Additionally, cookies can be used to protect against cross-site scripting (XSS) attacks, which are a type of security vulnerability where an attacker injects malicious code into a website. Some cookies can be used to store information about the user’s session, which can be used to verify the authenticity of the user’s request and prevent XSS attacks.

Advertising

Cookies can be used to deliver targeted ads to your users. Knowing what cookies are being used on your website can help you understand your audience better and show them more relevant ads.

Cookie in front of a computer screen - how to determine what cookies are on my site.

So How Do I Find Out What Cookies are on My Site?

There are a few ways to find out what cookies are being served up by your site (or any site for that matter). I usually recommend using a combination of tools to ensure you get a complete picture of the cookies being delivered by your website.

1. Use a Free Website Cookie Scanner

This is probably the easiest method to find out what cookies are on your website, which is why it’s listed first. There are several website cookie checkers out there that will scan any site you want and return their results of a cookie scan. A good one is Cookieserve, which I like because it doesn’t require you to create an account. In my opinion, this makes it one of the best free cookie scanners you can get.

Other useful sites include cookie-checker.com and whatismybrowser.com but both of them do require you to sign up for an account before you can see the scan results.

Cookie Scanner website will also help give you a breakdown on how your website fairs with compliance regulations regarding cookies.

2. Use a Browser Extension

Another easy method of finding out what cookies are on a website, there are many browser extensions that can let you know what cookies are being set when you visit a particular website.

A good browser extension you can use is called EditThisCookie and it’s available on the Chrome web store. It will work in any Chromium-based browser. It allows you to edit existing cookies in your browser, delete cookies, add new cookies, and search cookies to see which cookies are on your website.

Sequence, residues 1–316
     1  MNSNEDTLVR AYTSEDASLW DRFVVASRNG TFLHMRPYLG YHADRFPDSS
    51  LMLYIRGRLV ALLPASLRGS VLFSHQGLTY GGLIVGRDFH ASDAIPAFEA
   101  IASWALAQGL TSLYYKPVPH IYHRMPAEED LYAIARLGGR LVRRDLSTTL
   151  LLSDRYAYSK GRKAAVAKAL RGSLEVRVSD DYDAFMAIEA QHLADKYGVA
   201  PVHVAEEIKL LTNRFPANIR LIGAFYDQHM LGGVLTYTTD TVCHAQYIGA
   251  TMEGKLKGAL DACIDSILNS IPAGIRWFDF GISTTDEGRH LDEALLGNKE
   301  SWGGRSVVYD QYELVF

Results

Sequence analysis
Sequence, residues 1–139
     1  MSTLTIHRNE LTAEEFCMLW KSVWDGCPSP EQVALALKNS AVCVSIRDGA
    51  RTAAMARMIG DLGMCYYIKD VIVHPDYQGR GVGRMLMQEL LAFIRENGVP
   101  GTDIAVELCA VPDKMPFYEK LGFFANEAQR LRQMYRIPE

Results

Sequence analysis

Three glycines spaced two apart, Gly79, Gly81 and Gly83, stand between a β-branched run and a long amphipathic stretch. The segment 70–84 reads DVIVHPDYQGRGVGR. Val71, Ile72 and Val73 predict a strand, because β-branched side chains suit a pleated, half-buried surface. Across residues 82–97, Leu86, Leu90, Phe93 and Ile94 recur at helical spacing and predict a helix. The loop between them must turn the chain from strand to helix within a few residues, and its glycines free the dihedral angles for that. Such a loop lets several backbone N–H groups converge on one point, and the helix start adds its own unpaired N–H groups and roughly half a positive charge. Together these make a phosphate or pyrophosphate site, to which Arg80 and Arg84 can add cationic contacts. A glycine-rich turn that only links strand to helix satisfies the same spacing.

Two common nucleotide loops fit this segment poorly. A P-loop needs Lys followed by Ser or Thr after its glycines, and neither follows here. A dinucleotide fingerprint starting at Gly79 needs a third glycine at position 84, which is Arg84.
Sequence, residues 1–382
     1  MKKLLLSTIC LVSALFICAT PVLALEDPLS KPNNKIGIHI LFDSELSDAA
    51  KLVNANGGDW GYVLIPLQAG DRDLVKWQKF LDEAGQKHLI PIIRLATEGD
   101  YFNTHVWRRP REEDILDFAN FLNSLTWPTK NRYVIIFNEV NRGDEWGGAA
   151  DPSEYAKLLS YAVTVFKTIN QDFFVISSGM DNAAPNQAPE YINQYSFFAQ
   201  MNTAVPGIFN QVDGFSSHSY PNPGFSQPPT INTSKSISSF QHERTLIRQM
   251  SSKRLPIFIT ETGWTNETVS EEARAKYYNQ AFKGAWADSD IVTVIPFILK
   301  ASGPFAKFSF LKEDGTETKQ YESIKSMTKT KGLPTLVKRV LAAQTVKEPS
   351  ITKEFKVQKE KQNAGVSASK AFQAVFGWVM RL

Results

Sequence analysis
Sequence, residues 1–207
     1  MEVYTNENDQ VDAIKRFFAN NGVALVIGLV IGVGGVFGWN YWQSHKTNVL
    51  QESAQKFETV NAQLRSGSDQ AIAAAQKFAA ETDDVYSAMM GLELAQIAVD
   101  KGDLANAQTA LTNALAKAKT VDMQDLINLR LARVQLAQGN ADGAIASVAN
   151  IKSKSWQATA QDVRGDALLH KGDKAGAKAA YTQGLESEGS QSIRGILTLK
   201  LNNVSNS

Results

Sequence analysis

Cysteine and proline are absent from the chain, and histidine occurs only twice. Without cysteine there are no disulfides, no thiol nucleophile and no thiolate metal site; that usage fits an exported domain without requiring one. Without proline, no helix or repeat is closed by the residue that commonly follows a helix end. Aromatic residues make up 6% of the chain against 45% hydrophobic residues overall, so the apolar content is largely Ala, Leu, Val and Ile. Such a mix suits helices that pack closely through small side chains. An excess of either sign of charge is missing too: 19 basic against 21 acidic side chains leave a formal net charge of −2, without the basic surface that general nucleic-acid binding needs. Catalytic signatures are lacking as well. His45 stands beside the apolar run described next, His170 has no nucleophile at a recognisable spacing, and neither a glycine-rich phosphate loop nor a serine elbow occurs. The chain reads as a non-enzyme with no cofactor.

3. Use Your Browser’s Developer Tools

This method is great because it doesn’t require you to install anything on your computer or web browser. Most major browser have a developer mode you can enable by simply clicking F12.

For example, here’s how to see cookies in chrome:

  1. Launch Chrome and hit F12 on your keyboard to open developer mode.
  2. Visit your website.
  3. At the top of the developer pane, select Application.
  4. On the left hand side of the developer pane, under Storage, expand Cookies and select each site listed. The website you’re visiting will be listed here.
  5. Select it and a list of all the cookies and their values will appear.
  6. Note that if your website embeds data from another website, such as YouTube, that site will also appear in the website list and you can view those cookies as well.

Here’s an example of what cookies are delivered over at TechCrunch:

what cookies are on my site - developer tab showing all the cookies delivered on techcruch

As you can see, cookies not only come from TechCrunch, they are also being set by Twitter and TinyPass – both of which are sites that have content embedded on the TechCrunch homepage (as of the date this screen capture was taken).

Final Thoughts

In this post we covered why you might want to know what cookies are on your website and how to find out. To help ensure compliance and a safe user experience, cookies are a necessary item to have on your website and if you embed content from other sites, it’s important to know what those embeds are doing to your users.

You can view all the cookies your website delivers simply by using developer mode on your web browser, a browser extension, or a website service that’ll scan your site for you.

Once you know, you can start making the critical decision of balancing information gathering, security, and user experience for your website visitors.

Sharif Jameel is a business owner, IT professional, runner, & musician. His professional certifications include CASP, Sec+, Net+, MCSA, & ITIL and others. He’s also the guitar player for the Baltimore-based cover bands, Liquifaction and Minority Report.